mojito supports branching by simply adding an extra parameter to the push command.

Using branches is transparent to other tasks and won’t be noticed unless voluntarily using it to process pull requests and interacting with the branch dashboard.

The approach taken is opinionated: translations are shared between branches. Changing a translation in one branch will change the translation in all branches. This is the expected behavior for standard application development (details here).

Create branches

Branches are created during the push process by just adding an extra parameter that specifies the branch being processed.

mojito push -r MyRepo -b branchName

It is possible to provide the owner of the branch. This is useful when processing pull requests.

mojito push -r MyRepo -b branchName -bc branchOwner

View branches

mojito branch-view -r MyRepo

Delete Branches

mojito branch-delete -r MyRepo -n branchName    

If no branch name is provided it will attempt to delete the null branch (default branch created when not specifying a branch during push).

Primary branch

The master branch is special and is used as primary branch. If strings are present in multiple branches including the master (common when branching) they will be shown as owned by the master branch even if the strings were initially created in another branch.

For example, if creating the master branch with:

# Greeting from Main UI
hello = Hello!
    mojito push -r MyRepo -b master

and the feature1 branch with:

# Greeting from Main UI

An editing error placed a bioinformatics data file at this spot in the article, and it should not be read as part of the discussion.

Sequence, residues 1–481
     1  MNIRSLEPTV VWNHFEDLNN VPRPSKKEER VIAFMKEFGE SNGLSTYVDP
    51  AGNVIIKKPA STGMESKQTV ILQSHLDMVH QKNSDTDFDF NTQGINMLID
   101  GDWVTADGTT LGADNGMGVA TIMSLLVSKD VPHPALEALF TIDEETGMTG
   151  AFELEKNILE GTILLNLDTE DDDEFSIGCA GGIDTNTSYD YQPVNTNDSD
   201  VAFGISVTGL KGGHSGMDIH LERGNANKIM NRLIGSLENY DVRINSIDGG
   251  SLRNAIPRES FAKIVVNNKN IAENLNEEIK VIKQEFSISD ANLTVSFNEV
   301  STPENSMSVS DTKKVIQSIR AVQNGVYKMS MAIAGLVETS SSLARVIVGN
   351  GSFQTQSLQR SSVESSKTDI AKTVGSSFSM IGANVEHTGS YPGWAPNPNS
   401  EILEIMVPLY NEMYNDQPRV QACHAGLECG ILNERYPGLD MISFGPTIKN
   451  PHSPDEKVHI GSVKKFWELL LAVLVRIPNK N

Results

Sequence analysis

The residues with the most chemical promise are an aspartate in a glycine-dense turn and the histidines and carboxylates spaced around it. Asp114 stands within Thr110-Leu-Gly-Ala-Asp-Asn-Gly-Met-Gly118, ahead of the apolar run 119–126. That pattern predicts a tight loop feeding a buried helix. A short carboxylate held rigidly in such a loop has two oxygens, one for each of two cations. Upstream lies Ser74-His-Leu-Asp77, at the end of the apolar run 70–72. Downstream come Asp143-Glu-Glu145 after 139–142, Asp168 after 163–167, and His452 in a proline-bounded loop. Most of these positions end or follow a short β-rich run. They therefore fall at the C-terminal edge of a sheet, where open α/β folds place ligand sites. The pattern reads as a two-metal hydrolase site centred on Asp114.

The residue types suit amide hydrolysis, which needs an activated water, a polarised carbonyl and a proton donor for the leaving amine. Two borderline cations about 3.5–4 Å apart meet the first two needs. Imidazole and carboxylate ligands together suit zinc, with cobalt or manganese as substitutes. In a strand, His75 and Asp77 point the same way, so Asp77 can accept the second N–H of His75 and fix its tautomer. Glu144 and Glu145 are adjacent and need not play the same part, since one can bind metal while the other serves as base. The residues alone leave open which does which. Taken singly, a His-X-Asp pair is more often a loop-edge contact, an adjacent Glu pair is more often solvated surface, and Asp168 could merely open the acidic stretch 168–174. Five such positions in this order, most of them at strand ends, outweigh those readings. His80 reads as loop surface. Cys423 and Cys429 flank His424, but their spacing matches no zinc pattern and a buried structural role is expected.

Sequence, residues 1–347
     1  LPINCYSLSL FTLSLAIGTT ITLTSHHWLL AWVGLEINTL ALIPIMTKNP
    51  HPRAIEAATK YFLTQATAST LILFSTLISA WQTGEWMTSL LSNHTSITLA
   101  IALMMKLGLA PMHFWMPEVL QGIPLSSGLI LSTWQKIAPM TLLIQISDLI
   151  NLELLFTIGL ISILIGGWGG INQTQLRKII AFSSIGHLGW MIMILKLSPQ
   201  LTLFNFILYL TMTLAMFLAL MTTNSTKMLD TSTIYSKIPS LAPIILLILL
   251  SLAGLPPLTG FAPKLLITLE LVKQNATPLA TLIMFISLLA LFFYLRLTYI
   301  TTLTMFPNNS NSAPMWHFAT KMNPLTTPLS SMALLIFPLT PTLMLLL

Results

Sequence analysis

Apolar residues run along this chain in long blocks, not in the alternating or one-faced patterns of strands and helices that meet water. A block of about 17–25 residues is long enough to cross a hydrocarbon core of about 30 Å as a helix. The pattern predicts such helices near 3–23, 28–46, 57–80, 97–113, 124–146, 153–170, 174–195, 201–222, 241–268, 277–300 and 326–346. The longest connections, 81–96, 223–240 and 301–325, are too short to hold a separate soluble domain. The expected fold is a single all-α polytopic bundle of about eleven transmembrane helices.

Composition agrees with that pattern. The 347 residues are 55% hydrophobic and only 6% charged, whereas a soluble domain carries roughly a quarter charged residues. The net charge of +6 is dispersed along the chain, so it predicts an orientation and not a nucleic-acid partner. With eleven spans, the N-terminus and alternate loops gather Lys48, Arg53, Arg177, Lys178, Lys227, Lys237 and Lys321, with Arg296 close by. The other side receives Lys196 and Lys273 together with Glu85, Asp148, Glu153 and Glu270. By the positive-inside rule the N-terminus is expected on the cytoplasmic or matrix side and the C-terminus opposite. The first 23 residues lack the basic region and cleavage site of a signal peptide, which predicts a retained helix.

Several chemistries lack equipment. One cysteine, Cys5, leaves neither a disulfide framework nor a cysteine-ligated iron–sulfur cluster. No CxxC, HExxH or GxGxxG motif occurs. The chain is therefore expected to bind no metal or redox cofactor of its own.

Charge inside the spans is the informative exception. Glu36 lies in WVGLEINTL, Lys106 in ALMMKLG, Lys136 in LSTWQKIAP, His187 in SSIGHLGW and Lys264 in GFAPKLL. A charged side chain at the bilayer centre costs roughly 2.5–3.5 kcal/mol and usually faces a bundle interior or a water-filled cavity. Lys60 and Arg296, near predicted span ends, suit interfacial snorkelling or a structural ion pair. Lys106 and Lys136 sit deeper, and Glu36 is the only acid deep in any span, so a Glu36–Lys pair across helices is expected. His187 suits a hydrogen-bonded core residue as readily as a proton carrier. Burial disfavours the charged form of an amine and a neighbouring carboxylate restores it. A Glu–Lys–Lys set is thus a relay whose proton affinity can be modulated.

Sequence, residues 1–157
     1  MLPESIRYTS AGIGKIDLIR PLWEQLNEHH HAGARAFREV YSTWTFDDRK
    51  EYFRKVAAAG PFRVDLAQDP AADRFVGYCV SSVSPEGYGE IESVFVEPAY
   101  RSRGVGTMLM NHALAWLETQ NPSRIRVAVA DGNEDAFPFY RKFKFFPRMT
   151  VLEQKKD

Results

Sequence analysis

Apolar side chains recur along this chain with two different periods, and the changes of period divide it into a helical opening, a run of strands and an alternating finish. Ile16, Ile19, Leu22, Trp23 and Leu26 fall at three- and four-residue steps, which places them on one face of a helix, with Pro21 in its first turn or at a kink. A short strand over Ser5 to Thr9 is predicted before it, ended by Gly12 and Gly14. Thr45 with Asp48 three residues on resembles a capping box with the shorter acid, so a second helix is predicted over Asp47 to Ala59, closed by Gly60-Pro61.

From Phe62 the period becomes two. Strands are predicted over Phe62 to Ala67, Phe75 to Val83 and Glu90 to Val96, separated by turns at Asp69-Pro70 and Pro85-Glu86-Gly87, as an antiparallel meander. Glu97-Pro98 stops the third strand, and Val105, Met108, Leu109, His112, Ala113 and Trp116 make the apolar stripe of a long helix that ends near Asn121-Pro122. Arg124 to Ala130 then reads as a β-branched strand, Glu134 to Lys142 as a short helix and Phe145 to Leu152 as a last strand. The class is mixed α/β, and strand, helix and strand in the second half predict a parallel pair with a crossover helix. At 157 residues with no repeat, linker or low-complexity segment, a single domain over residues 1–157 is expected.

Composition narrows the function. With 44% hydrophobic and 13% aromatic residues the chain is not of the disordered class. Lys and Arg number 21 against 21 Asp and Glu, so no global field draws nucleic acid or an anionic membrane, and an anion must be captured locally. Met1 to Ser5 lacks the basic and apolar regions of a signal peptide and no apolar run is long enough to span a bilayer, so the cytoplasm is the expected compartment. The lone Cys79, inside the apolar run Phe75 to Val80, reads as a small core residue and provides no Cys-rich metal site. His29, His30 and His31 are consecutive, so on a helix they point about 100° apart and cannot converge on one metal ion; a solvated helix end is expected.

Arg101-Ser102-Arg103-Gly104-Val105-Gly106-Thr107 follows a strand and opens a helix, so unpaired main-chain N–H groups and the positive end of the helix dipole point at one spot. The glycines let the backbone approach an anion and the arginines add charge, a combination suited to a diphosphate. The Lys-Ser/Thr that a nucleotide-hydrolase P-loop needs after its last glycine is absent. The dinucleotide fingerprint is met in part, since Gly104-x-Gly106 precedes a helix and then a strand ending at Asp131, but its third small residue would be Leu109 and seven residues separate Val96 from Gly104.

hello = Hello!
# Displayed in the Main UI when user logs out.
bye = Goodbye. Have a nice day!
mojito push -r MyRepo -b feature1

then hello will be linked to the master branch and bye to the feature1 branch.

Branch information can checked in the workbench:

check branch info

When feature1 gets merged into the master:

# Greeting from Main UI
hello = Hello!
# Displayed in the Main UI when user logs out.
bye = Goodbye. Have a nice day!
mojito push -r MyRepo -b master

bye will then be linked to the master branch regardless if the feature1 branch is deleted or still open.

As a side effect, the strings won’t show up anymore in the branch they are originating from in the dashboard. This might be confusing at first, but ideally branches should be short lived to avoid performance degradation as they will be processed each time the pushcommand is ran. They should be deleted after they are merged or after a time of inactivity.

Note that the primary branch doesn’t show in the branch dashboard since it is not meant to be a temporary branch. The name of the primary branch could be made configurable later but at the moment it must be master.

Process pull request / diff

One use case for using mojito’s branches is to process “pull requests” (or “diffs”) in order to implement an optimized continuous localization pipeline.

Often continuous localization happens in parallel of the continuous deployment pipeline. Strings are processed only when the commits are merged into the “master” branch and it takes some time to get them translated.

When working in a fast paced environment where deployments can happen multiple times a day. It is likely that features will be pushed in production without being fully localized, leading to poor experience for international users. It can also create inefficencies in the testing process.

If releases are gated or less frequent, it is easier to wait for strings to be ready before publishing the feature but last minute changes may still happen.

In any case, having strings processed early in the development process also allows to rely on the developer to get screenshots, to perform some internationalization testing and improve the product quality overall.

Trigger a localization job

This is part is independent of mojito but the general idea is to kick off a localization job automatically when new strings needs to be processed.

A developer can add a special tag in the commit message like #translate to have the CI pipeline react and trigger a job that will run the following command:

mojito push -r MyRepo -b branchName -bc branchOwner

Slack integration

Configuration